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Ninth Circuit Denies Petition For Review of Clean Air Act Federal Implementation Plan For the Navajo Nation

The Ninth Circuit Court of Appeals denied a petition for review brought by plaintiffs tribal conservation organizations and environmental interest groups challenging the Federal Implementation Plan (FIP) prepared by the U.S. Environmental Protection Agency under the federal Clean Air Act (CAA) for the Navajo Generating Station (station) on the Navajo Nation Reservation in Arizona. [Vincent Harris Yazzie v. U.S. Environmental Protection Agency, et al., ___F.3d___, Case No. 14-73100 (9th Cir. 2017).]


The station is the largest coal-fired plant in the western United States and emits nitrogen oxides (NOx) that impair visibility at national parks and wilderness areas. The CAA regulates regional haze, defined as:


  • …visibility impairment that is caused by the emission of air pollutants from numerous sources located over a wide geographic area.

The CAA also set a goal of achieving natural visibility by 2064.

A state can submit to EPA a State Implementation Plan (SIP) “setting forth emission limits and other measures necessary to make reasonable progress toward the national visibility goal.”

If a state does not submit a SIP or the SIP is rejected in whole or in part, EPA must generate a FIP to fill any gaps. Regional haze SIPs must identify the Best Available Retrofit Technology (BART) to reduce emissions from major emission sources. A state can bypass BART with a “better-than-BART alternative,” defined as an alternative that “will achieve greater reasonable progress than would have resulted from the installation and operation of BART.”

The court rejected petitioner’s two arguments for why EPA’s interpretation of the CAA and its implementing regulations should not be given deference. First, although the federal government is a partial owner of the station, this fact did not weigh against affording deference to EPA’s interpretation because EPA itself has no “self-serving or financial interest in the Station’s continued operation.” Second, the court held that a joint statement made by EPA and the U.S. Departments of Interior and Energy in January 2013, allegedly stating that EPA agreed to minimize negative impacts on U.S. government ownership interests “does not demonstrate that EPA’s interpretation was intended to protect the U.S. government’s ownership interest in the station.”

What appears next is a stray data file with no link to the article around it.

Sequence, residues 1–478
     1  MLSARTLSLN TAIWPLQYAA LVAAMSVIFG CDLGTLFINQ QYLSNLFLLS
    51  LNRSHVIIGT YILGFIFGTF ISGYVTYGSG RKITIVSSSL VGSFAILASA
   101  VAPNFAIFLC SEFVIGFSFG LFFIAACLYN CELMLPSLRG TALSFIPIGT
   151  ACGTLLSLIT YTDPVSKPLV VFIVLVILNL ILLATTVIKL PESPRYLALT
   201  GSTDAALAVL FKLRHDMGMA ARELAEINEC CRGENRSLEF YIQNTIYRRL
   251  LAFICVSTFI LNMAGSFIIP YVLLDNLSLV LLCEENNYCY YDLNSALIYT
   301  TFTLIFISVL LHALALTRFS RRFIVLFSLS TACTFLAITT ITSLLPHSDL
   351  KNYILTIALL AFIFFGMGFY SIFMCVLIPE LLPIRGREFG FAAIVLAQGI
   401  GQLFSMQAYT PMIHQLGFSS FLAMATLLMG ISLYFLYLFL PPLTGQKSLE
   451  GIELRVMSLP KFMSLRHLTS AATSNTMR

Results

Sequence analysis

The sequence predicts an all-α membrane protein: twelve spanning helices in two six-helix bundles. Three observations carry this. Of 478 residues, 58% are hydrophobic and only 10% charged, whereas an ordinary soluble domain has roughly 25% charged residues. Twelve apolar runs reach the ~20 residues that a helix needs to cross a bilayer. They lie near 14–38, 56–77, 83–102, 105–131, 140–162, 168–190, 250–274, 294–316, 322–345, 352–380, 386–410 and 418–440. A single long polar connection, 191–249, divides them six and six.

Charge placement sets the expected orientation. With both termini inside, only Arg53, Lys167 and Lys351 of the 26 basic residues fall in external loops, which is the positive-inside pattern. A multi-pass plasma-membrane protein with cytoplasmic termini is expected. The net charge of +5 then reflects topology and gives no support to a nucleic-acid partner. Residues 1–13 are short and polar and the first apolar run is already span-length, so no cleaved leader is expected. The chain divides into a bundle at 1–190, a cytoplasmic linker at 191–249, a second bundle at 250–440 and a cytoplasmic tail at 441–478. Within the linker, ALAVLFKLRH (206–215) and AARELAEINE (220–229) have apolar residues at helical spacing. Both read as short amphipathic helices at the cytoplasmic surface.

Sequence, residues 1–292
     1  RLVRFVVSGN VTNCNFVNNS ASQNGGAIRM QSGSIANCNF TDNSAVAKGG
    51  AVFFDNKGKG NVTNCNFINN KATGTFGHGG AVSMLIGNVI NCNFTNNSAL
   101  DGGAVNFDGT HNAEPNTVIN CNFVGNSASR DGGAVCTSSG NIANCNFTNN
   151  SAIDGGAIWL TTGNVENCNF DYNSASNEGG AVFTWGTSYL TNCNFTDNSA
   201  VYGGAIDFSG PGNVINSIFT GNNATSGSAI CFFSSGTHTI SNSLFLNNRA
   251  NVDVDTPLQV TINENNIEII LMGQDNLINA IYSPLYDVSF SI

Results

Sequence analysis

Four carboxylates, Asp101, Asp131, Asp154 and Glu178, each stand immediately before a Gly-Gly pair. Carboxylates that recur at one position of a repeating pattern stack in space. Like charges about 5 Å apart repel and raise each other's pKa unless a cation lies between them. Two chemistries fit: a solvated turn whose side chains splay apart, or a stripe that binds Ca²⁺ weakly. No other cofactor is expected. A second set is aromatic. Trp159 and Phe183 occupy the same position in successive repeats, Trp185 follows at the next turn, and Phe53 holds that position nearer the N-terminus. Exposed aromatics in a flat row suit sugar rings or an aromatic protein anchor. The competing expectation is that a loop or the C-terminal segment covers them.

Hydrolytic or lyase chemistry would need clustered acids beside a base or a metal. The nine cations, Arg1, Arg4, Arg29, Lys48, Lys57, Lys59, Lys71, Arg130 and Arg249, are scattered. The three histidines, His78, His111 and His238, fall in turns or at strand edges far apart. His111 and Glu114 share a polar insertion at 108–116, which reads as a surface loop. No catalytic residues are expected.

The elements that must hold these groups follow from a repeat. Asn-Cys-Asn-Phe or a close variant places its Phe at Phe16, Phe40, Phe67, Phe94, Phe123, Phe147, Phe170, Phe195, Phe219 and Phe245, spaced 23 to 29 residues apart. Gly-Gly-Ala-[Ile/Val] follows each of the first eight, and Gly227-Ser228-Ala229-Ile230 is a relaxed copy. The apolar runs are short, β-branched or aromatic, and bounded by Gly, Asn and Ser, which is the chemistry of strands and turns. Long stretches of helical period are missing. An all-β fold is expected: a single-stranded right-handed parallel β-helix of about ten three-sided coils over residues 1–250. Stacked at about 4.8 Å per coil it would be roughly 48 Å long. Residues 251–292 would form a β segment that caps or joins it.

The court then explained why normal emission reduction deadlines do not apply to this FIP. First, the court rejected petitioner’s argument that EPA failed to comply with the five-year CAA implementation deadline required for BART plans because it only applies to BART but not to a “better-than-BART” alternative such as the disputed FIP.

Second, the court held that EPA reasonably determined that this FIP is not subject to the deadline normally attached to a SIP, requiring “that all necessary emission reductions take place during the period of the first long-term strategy for regional haze.”

The court then affirmed EPA’s determination that the FIP alternative is “better-than-BART” for three reasons. First, the court rejected petitioner’s contention that EPA needed to comply with all three methods of demonstrating that a “better-than-BART” alternative will result in “greater reasonable progress” than BART. EPA needed only to choose one of the separate methods. EPA chose the method of showing that the “distribution of emissions” is not substantially different under BART and the alternative and that the alternative “results in greater emission reductions.” EPA was not required to comply with either the “clear weight of the evidence” or the visibility modeling method in addition to its chosen method.

Second, the court rejected petitioner’s argument that in evaluating the “distribution of emissions” prong, EPA was required to consider both geographic distribution and temporal distribution. Since petitioner’s did not show that EPA was required to incorporate timing in the analysis, or that EPA’s consistent past interpretation of “distribution of emissions” as referring to geographic distribution only was “plainly erroneous or inconsistent with the regulation,” the court deferred to EPA’s interpretation of considering only geographic distribution.

Third, the court held that it was reasonable for EPA to give the station an emission credit when evaluating whether the BART alternative “results in greater emission reductions” than BART. The TAR also gave EPA the discretion to allow a credit for the BART alternative.

 Conclusion and Implications

In the absences of the tribal authority preparing a TIP, the EPA’s FIP will be upheld unless it is clearly “arbitrary, capricious, an abuse of discretion or otherwise not in accordance with law.” If a reasonable basis exists for EPA’s decision and is not plainly erroneous, it will be presumed to be valid. Further, the TIP will not be required to adhere to the stringent timetables of a SIP. A public interest challenge will be even more difficult than non-tribal implementation plans. The court’s decision is accessible online at:

(Danielle Sakai, Albert J. Maldonado)